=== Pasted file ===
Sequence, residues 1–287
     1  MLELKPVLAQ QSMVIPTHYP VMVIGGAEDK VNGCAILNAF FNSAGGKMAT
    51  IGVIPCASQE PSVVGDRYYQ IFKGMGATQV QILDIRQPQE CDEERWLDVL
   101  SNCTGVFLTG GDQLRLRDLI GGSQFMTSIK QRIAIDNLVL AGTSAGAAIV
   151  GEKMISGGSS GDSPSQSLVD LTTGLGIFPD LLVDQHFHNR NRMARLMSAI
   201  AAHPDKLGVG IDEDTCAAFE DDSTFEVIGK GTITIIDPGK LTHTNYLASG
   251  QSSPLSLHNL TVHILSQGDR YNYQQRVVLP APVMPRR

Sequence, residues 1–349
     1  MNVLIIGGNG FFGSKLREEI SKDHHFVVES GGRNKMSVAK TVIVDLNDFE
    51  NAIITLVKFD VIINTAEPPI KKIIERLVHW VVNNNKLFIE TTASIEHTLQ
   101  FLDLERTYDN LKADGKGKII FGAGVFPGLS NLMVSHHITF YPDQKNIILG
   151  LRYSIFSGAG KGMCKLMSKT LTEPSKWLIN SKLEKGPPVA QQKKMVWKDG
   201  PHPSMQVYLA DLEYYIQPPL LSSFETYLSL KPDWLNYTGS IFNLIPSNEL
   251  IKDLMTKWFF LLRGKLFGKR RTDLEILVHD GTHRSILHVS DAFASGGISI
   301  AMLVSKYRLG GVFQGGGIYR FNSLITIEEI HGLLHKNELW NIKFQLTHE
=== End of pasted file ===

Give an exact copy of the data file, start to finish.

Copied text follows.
Sequence, residues 1–287
     1  MLELKPVLAQ QSMVIPTHYP VMVIGGAEDK VNGCAILNAF FNSAGGKMAT
    51  IGVIPCASQE PSVVGDRYYQ IFKGMGATQV QILDIRQPQE CDEERWLDVL
   101  SNCTGVFLTG GDQLRLRDLI GGSQFMTSIK QRIAIDNLVL AGTSAGAAIV
   151  GEKMISGGSS GDSPSQSLVD LTTGLGIFPD LLVDQHFHNR NRMARLMSAI
   201  AAHPDKLGVG IDEDTCAAFE DDSTFEVIGK GTITIIDPGK LTHTNYLASG
   251  QSSPLSLHNL TVHILSQGDR YNYQQRVVLP APVMPRR

Sequence, residues 1–349
     1  MNVLIIGGNG FFGSKLREEI SKDHHFVVES GGRNKMSVAK TVIVDLNDFE
    51  NAIITLVKFD VIINTAEPPI KKIIERLVHW VVNNNKLFIE TTASIEHTLQ
   101  FLDLERTYDN LKADGKGKII FGAGVFPGLS NLMVSHHITF YPDQKNIILG
   151  LRYSIFSGAG KGMCKLMSKT LTEPSKWLIN SKLEKGPPVA QQKKMVWKDG
   201  PHPSMQVYLA DLEYYIQPPL LSSFETYLSL KPDWLNYTGS IFNLIPSNEL
   251  IKDLMTKWFF LLRGKLFGKR RTDLEILVHD GTHRSILHVS DAFASGGISI
   301  AMLVSKYRLG GVFQGGGIYR FNSLITIEEI HGLLHKNELW NIKFQLTHE